Dismiss Notice
Join Physics Forums Today!
The friendliest, high quality science and math community on the planet! Everyone who loves science is here!

Length contraction/time dilation mutually exclusive?

  1. Apr 22, 2014 #1
    Hello Physics Forums!

    I'll try to cut right to the chase. I'm studying both length contraction and time dilation in my physics class and it seems these two occurrences are mutually exclusive. That is, in any given situation, only time will be dilated or length will be contracted. This doesn't really make sense to me though. For one, "how do it know?" whether to contract or dilate length or time respectively? Is it true that its one or the other, but never both?
     
  2. jcsd
  3. Apr 22, 2014 #2

    PeterDonis

    User Avatar
    2016 Award

    Staff: Mentor

    No. It's the opposite: they are always present together. That is, if an object is length contracted relative to you (because it is moving relative to you), it is also time dilated relative to you.
     
  4. Apr 22, 2014 #3

    ghwellsjr

    User Avatar
    Science Advisor
    Gold Member

    Also, keep in mind that the length contraction is only along the direction of motion so if you are considering a light clock with the light bouncing back and forth along the direction of travel between two mirrors, those mirrors will be closer together than in their rest frame but if the light clock was rotated 90 degrees, then the mirrors are the same distance apart no matter what the speed is. (But, the mirrors will be length contracted.)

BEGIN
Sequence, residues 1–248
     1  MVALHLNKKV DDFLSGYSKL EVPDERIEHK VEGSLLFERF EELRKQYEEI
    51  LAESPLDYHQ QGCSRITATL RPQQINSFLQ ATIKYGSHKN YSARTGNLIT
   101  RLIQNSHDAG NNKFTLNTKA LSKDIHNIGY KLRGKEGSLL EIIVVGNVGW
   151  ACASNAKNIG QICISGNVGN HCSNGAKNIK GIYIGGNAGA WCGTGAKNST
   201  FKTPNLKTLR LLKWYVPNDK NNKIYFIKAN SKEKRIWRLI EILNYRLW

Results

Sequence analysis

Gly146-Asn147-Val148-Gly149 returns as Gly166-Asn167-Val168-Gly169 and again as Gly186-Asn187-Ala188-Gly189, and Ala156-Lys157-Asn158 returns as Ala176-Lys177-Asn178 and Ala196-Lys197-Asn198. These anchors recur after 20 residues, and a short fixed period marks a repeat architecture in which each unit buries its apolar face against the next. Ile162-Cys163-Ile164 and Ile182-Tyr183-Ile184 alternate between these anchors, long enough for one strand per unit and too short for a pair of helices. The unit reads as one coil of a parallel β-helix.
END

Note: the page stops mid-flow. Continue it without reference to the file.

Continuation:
However, you may have heard that in one rest frame it is only the Time Dilation that matters while in another rest frame it is only the Length Contraction that matters but in those cases, although both effects are present, we only need one to explain the interesting phenomenon. This is the case for the famous muon scenario.
     
  5. Apr 24, 2014 #4
    And the magnitude of the length contraction and time dilation are always in such proportion that the speed of light is constant.
     
  6. Apr 24, 2014 #5

    ghwellsjr

    User Avatar
    Science Advisor
    Gold Member

    You make it sound like the two effects cancel out. But one is smaller while the other is larger. And consider what I said in post #3 where a particular orientation of a light clock does not depend on length contraction. How does your comment fit with these two considerations?
     
  7. Apr 29, 2014 #6
    Say I observe a spaceship fly between points A and B at close to the speed of light. The spaceship's clock will be running slower than mine, however I still observe the distance it travels as the proper length between A and B. Now say I'm in the spaceship. Now I will see the distance between A and B contract by gamma, but I won't observe my clocks in the spaceship as slowing down or any nonsense like that.

    This is just what I've cobbled together from reading the posts here as well as some additional sources. Is this correct?
     
  8. Apr 29, 2014 #7

    PeterDonis

    User Avatar
    2016 Award

    Staff: Mentor

    From your point of view, yes.

    More correctly, you observe the distance it travels as the length between A and B in your rest frame. If there are objects at points A and B, and the objects are at rest relative to you, then the distance between those objects can be called the proper distance from A to B, yes. But "proper distance" is not just a distance between "points in space", because "points in space" is frame-dependent; you have to actually pick out objects that are at rest relative to each other to define a "proper distance" between them.

    With respect to the rest frame of the spaceship, yes.

    No, but you will observe clocks at rest relative to the objects at A and B (assuming those objects remain as above, i.e., they are still at rest relative to the original frame, not the spaceship frame) as slowing down.